Honour still being challenged

By 
  • October 17, 2008
{mosimage}TORONTO - An Order of Canada recipient who founded an orphanage for girls in Haiti is continuing his legal challenge to the federal government over Dr. Henry Morgentaler’s award nomination, even though the controversial pro-abortion activist received the country’s highest civilian honour on Oct. 10.

Frank Chauvin, a retired police detective from Windsor, Ont., launched a judicial review application in late July to the Federal Court of Canada through lawyer Gerard Charette. Toronto lawyer Phil Horgan is also helping with the case.
Chauvin was honoured with the Order of Canada for founding Holy Name of Mary Food Fund, which has been helping orphaned girls in Haiti for the past 20 years. He said Morgentaler’s appointment to the Order of Canada is ironic given the reason why Chauvin received the award in 1987.

“What Morgentaler is doing is opposite to what I’m doing. I’m trying to save these children, educate and help them. He’s doing the opposite by killing the babies,” Chauvin told The Register.

Charette said the review application is asking the federal court to set aside the recommendations of the Order of Canada’s advisory council which nominated Morgentaler on July 1.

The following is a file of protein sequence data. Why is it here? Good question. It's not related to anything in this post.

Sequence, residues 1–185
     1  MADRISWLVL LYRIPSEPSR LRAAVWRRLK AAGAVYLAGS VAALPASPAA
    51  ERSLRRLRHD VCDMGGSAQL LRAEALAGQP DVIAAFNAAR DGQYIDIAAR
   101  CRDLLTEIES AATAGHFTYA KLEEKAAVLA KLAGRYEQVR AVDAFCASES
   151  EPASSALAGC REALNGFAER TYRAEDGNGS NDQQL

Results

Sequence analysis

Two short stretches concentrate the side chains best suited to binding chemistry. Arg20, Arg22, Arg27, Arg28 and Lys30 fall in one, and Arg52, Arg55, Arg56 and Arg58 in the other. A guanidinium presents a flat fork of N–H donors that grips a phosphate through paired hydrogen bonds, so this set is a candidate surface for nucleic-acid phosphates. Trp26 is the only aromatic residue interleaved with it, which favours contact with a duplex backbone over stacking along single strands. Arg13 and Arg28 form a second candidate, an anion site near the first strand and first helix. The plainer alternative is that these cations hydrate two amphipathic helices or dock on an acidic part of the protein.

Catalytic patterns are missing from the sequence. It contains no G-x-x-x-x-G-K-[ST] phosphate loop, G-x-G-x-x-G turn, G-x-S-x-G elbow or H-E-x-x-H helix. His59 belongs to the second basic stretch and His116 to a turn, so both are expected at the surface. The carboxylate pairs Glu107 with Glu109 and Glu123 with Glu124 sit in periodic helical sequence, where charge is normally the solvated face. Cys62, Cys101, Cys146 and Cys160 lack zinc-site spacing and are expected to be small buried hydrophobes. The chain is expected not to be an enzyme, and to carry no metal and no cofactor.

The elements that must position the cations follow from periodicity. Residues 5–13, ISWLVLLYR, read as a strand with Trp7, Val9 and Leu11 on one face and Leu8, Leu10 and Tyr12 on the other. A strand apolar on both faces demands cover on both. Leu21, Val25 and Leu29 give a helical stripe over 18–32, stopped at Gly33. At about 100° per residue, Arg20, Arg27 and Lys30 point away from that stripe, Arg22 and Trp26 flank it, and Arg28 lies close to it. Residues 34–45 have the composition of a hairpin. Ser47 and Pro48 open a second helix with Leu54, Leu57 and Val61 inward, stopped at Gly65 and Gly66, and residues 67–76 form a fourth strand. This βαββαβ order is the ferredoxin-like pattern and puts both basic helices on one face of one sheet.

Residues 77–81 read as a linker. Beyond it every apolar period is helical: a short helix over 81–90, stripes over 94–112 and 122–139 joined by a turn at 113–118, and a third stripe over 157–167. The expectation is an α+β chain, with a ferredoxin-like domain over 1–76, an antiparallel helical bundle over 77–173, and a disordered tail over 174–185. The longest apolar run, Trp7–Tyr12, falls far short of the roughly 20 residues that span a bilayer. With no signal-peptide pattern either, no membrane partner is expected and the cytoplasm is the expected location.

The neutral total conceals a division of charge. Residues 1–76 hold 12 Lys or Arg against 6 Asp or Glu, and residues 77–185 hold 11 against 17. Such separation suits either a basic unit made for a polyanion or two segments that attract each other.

“A significant concern is the involvement of a judge in these administrative matters,” Charette said during a telephone interview from Windsor, referring to Supreme Court Chief Justice Beverley McLachlin, who chairs the advisory council.

At an Aug. 16 press conference in Ottawa, McLachlin denied allegations that she had a role to play in the nomination, saying that she abstained from voting.

The next court hearing for the application is set for Dec. 2.

As for the legal arguments for Chauvin’s application, Charette said the process is “incorrect” and “flawed” because the advisory council acted differently in similar circumstances involving another controversial award winner. In 2002, David Ahenakew was stripped of his award after making anti-Semitic statements.

“We are asking the federal court to review what the advisory council did and how it acted in arriving at its decision (with Morgentaler),” Charette said.

“It is intended that the Order of Canada should stand above political partisanship and political controversy.”

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